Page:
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Recording connections between cells


Mapping the ganglion
Eric Kandel Scientist
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We first wanted to see whether or not this notion that I had, in which Arvanitaki-Chalazonitis had provided some support for was true. Could you identify many of the cells as unique individuals?

So we began to record from individual cells, we made a map of the ganglion, and we characterized the electrophysiological properties: Was it a silent cell? Was it spontaneously bursting? What was the nature of the spontaneous input? Where was it located? What's its pigmentation? Where did it send its axons? And we found after a while that most of the cells on the ganglion were uniquely identifiable, and we could return to them from preparation to preparation.

Eric Kandel (b. 1929) is an American neuropsychiatrist. He was a recipient of the 2000 Nobel Prize in Physiology or Medicine for his research on the physiological basis of memory storage in neurons. He shared the prize with Arvid Carlsson and Paul Greengard. Kandel, who had studied psychoanalysis, wanted to understand how memory works. His mentor, Harry Grundfest, said, 'If you want to understand the brain you're going to have to take a reductionist approach, one cell at a time.' Kandel then studied the neural system of the sea slug Aplysia californica, which has large nerve cells amenable to experimental manipulation and is a member of the simplest group of animals known to be capable of learning. Kandel is a professor of biochemistry and biophysics at the College of Physicians and Surgeons at Columbia University. He is also Senior Investigator in the Howard Hughes Medical Institute. He was the founding director of the Center for Neurobiology and Behavior, which is now the Department of Neuroscience at Columbia University. Kandel's popularized account chronicling his life and research, 'In Search of Memory: The Emergence of a New Science of Mind', was awarded the 2006 Los Angeles Times Book Award for Science and Technology.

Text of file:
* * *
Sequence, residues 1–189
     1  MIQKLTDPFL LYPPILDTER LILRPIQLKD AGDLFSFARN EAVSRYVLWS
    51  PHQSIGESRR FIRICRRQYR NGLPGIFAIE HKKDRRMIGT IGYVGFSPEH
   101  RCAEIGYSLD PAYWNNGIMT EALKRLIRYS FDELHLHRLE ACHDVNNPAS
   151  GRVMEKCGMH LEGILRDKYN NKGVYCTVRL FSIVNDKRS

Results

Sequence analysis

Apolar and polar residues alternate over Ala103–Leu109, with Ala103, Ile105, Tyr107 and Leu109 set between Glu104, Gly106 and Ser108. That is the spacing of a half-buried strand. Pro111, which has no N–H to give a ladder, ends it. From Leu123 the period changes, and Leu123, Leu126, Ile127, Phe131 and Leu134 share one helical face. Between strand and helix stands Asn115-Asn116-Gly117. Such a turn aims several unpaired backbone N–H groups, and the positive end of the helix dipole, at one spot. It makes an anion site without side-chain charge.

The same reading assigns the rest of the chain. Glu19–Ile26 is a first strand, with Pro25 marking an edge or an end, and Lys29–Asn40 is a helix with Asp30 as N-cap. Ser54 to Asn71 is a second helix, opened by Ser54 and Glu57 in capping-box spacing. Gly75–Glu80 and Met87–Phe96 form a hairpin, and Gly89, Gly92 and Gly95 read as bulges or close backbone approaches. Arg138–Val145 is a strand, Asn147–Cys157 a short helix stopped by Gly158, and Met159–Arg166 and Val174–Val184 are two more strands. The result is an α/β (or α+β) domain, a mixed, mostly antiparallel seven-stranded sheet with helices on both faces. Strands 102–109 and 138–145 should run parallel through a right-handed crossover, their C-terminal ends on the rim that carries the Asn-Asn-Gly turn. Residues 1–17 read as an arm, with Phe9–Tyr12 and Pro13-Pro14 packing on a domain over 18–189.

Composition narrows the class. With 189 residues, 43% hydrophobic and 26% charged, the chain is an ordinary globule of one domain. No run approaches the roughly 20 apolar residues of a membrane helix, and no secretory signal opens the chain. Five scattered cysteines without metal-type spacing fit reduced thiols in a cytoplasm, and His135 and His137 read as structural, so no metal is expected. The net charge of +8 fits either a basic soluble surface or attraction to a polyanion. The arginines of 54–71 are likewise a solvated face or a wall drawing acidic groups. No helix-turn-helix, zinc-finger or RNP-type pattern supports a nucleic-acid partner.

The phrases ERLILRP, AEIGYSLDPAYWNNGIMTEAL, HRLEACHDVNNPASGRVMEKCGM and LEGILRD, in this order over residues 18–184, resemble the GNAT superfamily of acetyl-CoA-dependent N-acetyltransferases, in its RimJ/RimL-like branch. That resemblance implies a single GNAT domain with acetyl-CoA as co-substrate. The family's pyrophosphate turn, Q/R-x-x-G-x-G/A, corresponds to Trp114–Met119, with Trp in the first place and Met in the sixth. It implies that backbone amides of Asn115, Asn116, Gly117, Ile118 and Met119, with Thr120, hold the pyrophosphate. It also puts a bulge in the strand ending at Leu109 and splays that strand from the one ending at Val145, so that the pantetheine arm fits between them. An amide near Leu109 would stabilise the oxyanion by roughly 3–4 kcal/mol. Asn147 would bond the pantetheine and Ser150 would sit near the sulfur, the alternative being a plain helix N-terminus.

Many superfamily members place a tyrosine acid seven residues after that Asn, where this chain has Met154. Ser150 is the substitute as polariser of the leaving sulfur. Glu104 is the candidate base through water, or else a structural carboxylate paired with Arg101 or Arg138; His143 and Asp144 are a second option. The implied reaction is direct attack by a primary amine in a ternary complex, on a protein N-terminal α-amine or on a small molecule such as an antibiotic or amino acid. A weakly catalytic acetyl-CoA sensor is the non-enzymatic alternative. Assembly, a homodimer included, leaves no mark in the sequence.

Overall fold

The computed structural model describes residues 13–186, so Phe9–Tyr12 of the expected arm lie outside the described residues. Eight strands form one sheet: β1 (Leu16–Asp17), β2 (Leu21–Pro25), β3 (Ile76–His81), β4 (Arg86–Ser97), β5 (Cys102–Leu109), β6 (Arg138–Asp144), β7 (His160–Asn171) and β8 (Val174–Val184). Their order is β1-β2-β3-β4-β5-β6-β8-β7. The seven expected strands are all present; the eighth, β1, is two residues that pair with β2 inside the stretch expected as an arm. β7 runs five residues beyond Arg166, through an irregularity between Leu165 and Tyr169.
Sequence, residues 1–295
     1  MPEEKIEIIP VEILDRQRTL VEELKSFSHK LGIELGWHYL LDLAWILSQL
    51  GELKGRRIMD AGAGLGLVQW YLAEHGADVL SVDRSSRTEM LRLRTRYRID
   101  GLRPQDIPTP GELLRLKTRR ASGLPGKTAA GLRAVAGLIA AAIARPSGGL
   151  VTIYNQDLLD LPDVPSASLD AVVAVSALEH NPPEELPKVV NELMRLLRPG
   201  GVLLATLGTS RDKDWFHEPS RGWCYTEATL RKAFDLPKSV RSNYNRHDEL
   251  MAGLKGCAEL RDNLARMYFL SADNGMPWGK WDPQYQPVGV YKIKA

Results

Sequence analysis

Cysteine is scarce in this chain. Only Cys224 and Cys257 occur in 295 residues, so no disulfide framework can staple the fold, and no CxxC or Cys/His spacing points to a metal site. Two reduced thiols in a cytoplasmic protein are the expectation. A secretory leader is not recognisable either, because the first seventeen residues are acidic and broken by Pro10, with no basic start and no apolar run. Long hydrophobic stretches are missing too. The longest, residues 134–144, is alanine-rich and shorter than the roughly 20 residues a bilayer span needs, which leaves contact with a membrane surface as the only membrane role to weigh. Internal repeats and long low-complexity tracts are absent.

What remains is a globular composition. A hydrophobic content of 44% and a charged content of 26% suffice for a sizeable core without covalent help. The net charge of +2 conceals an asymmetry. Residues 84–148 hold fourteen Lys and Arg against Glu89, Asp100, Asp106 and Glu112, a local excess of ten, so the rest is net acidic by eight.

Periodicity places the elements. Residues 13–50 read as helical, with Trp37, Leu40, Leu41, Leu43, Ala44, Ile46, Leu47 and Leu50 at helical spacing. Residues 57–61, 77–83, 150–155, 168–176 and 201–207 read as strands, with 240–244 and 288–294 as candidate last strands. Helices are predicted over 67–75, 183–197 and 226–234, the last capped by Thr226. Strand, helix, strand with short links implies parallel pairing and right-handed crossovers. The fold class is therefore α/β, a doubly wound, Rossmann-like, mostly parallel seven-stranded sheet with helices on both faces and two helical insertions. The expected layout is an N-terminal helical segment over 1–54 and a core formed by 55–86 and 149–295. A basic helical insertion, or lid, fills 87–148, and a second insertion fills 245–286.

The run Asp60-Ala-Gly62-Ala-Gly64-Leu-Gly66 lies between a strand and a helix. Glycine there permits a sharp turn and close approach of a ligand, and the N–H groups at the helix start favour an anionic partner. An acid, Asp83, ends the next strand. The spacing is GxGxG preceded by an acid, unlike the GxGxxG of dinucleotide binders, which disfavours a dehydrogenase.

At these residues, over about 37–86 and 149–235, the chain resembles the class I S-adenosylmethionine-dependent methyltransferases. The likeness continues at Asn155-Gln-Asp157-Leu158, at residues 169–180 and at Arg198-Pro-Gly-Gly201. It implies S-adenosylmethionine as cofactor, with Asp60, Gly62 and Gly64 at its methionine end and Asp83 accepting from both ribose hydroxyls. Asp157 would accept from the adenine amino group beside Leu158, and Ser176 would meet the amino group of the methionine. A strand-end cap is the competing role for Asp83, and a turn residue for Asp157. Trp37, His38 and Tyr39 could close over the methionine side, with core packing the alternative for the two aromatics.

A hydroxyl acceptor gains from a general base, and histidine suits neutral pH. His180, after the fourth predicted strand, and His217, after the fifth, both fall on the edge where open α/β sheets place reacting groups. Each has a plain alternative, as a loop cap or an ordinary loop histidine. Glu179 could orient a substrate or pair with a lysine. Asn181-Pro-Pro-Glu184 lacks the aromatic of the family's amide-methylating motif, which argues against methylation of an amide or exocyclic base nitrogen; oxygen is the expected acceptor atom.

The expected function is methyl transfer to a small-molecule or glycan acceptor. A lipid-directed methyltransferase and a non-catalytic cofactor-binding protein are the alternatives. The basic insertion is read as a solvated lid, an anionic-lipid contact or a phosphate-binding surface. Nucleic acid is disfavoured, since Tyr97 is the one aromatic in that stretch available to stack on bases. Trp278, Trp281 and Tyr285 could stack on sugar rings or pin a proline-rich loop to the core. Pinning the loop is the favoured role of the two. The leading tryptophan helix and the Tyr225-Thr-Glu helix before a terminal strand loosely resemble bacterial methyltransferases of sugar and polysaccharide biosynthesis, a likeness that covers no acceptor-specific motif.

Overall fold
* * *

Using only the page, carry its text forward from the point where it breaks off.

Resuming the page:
Listeners: Christopher Sykes

Christopher Sykes is an independent documentary producer who has made a number of films about science and scientists for BBC TV, Channel Four, and PBS.

Tags: Angélique Arvanitaki

Duration: 41 seconds

Date story recorded: June 2015

Date story went live: 04 May 2016